Post  ak74m on Tue Sep 06, 2011 3:56 am

    whats the name of the song????

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    Re: Police of Russia

    Post  Cyberspec on Tue Sep 06, 2011 5:41 am

    OMON isn't an Army style special forces unit but a special purpose paramilitary Police Force. It's sort of a combination of a anti-riot / SWAT type unit.

    Here's an interesting video....I'm assuming this is a exercise


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    Re: Police of Russia

    Post  Pervius on Tue Sep 06, 2011 11:31 pm

    ahhhh...just riot police. To beat down people.


    Obama wanted to create the same thing in America. He wanted to create a "Federal Police" like OMOH...because of alllll the immigrants brought into America who don't want to melt in melting pot and always protest flying their home country flags.

    Obama said "I want to create a Federal police (OMOH) big as the US military".....everyone laughed. And pay them with what?

    The US (and China bought some too) now have LRAD. A couple guys can disperse ALL rioters with sound weapon. In Russia citizens can see OMOH beating citizens. In China/US....nobody can see the guy smiling because he turned the LRAD weapon to high to really cook people.


    OMOH= bad PR.
    EMF Weapons= Happier People....they don't know when people are cooked with EMF weapons.

    Russia needs to modernize.


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    Re: Police of Russia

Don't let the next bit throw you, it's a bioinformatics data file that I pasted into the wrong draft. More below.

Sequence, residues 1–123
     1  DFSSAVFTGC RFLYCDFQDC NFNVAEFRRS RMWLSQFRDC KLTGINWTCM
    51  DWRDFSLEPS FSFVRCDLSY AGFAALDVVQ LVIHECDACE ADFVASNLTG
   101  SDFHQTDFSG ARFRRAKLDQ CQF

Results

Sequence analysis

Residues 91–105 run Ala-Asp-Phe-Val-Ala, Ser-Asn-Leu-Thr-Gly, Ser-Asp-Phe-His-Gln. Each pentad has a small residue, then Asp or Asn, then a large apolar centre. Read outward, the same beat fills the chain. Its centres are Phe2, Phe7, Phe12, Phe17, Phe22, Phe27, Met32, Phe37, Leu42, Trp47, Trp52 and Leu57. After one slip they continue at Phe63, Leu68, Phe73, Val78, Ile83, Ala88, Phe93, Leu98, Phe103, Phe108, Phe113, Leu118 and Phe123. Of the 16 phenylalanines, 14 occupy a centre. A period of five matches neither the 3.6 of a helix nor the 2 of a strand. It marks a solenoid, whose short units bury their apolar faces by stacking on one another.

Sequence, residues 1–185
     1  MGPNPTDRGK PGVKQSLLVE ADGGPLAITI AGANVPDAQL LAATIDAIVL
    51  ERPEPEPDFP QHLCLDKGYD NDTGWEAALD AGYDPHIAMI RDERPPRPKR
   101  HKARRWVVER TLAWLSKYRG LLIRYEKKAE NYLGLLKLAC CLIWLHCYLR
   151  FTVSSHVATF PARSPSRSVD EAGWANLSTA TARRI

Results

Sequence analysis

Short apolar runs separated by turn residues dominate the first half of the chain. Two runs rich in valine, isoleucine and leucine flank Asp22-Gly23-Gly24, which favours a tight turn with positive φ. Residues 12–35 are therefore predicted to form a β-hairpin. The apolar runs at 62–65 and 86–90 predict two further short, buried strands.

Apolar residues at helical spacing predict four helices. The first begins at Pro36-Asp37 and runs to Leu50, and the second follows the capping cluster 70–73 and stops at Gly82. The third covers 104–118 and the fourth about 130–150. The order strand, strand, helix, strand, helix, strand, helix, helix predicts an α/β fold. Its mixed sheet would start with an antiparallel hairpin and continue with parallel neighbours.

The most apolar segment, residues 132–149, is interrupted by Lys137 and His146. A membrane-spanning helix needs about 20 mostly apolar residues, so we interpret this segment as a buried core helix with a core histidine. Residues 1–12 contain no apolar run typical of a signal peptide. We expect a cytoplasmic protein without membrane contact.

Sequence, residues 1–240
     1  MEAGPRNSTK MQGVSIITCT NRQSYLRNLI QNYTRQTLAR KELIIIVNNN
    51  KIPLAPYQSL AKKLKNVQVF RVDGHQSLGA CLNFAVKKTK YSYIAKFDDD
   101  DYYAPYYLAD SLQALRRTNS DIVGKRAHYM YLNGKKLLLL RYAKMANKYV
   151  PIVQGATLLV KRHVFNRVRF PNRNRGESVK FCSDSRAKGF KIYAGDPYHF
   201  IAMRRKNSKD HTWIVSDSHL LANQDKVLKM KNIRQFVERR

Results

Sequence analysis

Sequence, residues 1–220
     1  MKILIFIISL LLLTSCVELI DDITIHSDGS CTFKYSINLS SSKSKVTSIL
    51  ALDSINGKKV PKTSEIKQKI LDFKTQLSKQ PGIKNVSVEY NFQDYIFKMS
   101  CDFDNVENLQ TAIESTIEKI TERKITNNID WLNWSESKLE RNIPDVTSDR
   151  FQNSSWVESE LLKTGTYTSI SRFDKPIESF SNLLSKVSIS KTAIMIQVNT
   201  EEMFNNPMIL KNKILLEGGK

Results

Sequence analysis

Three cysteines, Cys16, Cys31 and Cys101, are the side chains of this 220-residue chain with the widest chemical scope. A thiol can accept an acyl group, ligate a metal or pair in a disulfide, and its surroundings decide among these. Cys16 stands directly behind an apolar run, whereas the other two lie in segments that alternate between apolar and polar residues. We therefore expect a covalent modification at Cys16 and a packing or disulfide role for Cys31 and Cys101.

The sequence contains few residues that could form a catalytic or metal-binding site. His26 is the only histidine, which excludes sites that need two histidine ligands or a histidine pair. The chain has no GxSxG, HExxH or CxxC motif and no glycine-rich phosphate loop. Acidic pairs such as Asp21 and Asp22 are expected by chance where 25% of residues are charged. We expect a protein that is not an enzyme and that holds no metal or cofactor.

Post  GarryB on Wed Sep 07, 2011 1:15 pm

    Every major country has riots... the recent riots in the UK are just an example... the Rodney King riots in the US is another example.

    Force is used... whether it is internal security forces or the army that is called it... it makes no difference... force is used to stop the riots.

    Syria is a good example... some people riot and protest and the government sends in the troops.

    We see lots of phone camera footage, but most of it is blurry and often turns out to be from different middle east countries instead. We hear thousands of innocent civilians are being killed every week and then we are told about 2,000 protesters have been killed along with about 1,000 soldiers and policemen. Kinda makes you think perhaps those protesters are not so innocent.

    My point?

    Propaganda.

    If it happens in the UK then twitter has to be banned and it is all blamed on young kids in hoodies, when it happens in Russia... it is Putin turning back to communism... despite the fact that Medvedev has been in charge for quite some time. When it happens in Syria it is an evil anti democracy government that needs to be replaced. When it happens in Bahrain and Saudi Arabia sends goons to help put down demonstrations... well you didn't see anything on the BBC or CNN or even FOX News about that did you?
    No cries for sanctions or regime change there was there?

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    SOBR MVD spetsnaz drills - new equipment

    Post  Asf on Tue May 13, 2014 7:02 pm

    Basically, it's Special quick responce detachment of MVD named SOBR (something like SWAT teams in USA) and is not a part of the Army, but I think it can be interesting.



    1:00 - nice-looking modern equipment

    Warning: Kadirov detected  :-)


    Last edited by Asf on Thu May 15, 2014 1:29 pm; edited 1 time in total